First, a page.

Our majors learned that knowing our history provides perspective, having perspective provides hope, and with hope we can survive almost anything.
Mortar set up for use in the field in Vietnam.
Photo of 173rd Airborne Brigade on the only combat jump in the Vietnam War
Winged Spur-- the insignia of the 17th Cavalry
The headstone of Pervis B Valentine, Jr in Beverly National Cemetery (NJ)
Pervis Valentine's profile on the Wall of Faces. "We need your help....."
The two photos needed to complete the gallery of honor for Massachusetts.
The last photo found by the Pennsylvania research team made of individuals, organizations, and the Stevenson University history program: MSGT Matthew N. Harris, Jr (USAF) of Philadelphia. Died May 28, 1965. While SU history majors did not find this last photo, they found 116 others in four months' work.
In early-December the State of Pennsylvania announced that it had located photos of all 3,150 Pennsylvanians killed in Vietnam. Posted to the online Vietnam Wall of Faces, people can now see a photo of each Pennsylvanian killed during that war. In its media release commemorating that accomplishment, the State specifically recognized and thanked the Stevenson History Program for helping locate many of the missing photos.
Headstone of Master Sergeant Matthew N. Harris, Jr. (USAF)
“It is incredibly gratifying to know that all 3,150 Pennsylvanians who died in Vietnam are now represented on the virtual Wall Of Faces where they can be honored by anyone, from anywhere around the world,” said Gov. Tom Wolf. “We owe a debt of gratitude to the Department of Military and Veterans Affairs who led this effort, along with everyone they partnered with over the past four years, for tenaciously searching until the last photo was found. Completing this project demonstrates just how much pride Pennsylvania has in all of those who have served our great nation, and that no one will ever be forgotten.”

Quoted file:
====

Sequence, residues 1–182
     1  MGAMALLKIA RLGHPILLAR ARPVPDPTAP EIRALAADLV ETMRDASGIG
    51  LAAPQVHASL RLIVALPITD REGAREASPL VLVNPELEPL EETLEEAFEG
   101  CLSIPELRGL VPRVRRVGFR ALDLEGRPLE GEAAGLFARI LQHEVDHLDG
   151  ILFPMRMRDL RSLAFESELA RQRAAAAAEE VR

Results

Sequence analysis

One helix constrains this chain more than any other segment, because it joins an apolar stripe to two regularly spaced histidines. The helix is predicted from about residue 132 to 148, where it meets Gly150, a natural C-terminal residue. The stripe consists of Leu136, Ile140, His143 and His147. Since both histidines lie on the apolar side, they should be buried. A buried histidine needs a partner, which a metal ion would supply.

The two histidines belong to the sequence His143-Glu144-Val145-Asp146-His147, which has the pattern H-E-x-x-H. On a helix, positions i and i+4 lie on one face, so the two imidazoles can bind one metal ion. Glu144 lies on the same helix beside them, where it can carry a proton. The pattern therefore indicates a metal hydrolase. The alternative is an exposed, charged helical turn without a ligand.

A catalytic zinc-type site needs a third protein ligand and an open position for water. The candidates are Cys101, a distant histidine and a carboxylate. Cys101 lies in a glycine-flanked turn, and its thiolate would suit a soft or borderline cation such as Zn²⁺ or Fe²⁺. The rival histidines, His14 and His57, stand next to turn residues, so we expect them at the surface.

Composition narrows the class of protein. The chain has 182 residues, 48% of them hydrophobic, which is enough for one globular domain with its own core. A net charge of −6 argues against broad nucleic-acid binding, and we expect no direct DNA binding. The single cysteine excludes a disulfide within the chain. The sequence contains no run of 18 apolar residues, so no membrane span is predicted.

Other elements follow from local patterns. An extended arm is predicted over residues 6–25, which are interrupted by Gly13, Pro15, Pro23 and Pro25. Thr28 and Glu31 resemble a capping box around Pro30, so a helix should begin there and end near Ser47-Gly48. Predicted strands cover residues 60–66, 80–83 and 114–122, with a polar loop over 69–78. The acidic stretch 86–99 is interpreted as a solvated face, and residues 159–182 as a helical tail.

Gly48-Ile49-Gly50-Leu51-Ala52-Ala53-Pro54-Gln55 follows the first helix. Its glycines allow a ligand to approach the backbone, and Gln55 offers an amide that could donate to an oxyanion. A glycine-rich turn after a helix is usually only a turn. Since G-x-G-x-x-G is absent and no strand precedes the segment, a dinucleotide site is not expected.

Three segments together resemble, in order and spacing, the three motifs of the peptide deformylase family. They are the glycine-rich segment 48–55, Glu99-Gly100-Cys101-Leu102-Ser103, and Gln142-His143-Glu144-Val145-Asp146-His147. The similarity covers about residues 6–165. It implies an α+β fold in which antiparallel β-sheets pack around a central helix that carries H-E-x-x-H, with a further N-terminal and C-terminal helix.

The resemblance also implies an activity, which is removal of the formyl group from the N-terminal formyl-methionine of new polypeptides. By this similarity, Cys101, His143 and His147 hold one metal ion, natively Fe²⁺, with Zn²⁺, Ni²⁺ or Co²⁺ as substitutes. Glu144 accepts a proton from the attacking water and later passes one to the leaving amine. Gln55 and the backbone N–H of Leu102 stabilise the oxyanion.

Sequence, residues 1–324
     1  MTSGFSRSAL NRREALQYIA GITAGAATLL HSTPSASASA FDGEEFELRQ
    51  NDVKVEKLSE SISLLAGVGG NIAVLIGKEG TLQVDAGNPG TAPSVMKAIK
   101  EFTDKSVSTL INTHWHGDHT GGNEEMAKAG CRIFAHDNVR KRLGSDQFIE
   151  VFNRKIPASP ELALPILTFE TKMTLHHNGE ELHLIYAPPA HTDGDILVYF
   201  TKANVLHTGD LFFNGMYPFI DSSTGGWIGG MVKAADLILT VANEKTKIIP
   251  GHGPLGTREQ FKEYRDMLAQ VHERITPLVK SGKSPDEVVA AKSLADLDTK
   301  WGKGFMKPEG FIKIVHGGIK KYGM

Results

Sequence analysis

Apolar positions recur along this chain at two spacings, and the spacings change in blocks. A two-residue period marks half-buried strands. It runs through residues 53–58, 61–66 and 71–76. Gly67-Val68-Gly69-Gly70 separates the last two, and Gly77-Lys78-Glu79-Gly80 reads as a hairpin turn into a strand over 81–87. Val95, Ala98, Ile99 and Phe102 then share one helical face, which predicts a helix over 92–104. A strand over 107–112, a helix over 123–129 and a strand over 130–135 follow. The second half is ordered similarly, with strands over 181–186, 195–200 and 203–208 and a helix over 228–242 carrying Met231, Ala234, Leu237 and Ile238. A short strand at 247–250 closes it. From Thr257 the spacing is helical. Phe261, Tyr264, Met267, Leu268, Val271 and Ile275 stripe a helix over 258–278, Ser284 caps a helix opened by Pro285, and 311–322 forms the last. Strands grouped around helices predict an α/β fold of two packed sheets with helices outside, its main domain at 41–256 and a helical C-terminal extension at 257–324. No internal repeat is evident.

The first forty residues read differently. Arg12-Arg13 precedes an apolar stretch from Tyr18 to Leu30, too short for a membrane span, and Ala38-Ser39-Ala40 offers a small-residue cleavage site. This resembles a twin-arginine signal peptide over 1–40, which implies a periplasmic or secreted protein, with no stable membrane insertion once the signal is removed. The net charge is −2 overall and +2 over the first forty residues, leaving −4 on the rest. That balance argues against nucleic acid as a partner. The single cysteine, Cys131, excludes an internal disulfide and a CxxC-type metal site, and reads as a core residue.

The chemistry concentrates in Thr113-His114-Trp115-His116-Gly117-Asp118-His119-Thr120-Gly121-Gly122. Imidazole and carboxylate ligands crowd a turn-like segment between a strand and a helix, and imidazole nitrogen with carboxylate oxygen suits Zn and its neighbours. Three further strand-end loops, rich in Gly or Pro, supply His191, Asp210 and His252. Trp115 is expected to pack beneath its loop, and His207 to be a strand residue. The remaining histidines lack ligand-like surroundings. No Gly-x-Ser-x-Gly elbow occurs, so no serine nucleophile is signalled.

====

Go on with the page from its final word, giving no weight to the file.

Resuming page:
A photo collage of US casualties during the Vietnam War. All of these photos are at the VVMF's Vietnam "Wall of Faces" online.
For the past four years the Pennsylvania Department of Military and Veterans Affairs (DMVA) has partnered with the VVMF in Washington, D.C., to find a photo of every Pennsylvanian whose name appears on the Vietnam Veterans Memorial Wall – commonly referred to as The Wall. The VVMF has been posting the photos on a virtual Wall of Faces in order to put a face and a story to every name to help preserve their legacies.
“This was a great and incredibly important project that helps show the families and friends of the Pennsylvanians lost in Vietnam that their loved ones will not be forgotten,” said Maj. Gen. Anthony Carrelli. “We owe a huge thanks to all of the volunteers from around the country who have been instrumental in locating these photos and spreading the word about the Wall of Faces effort.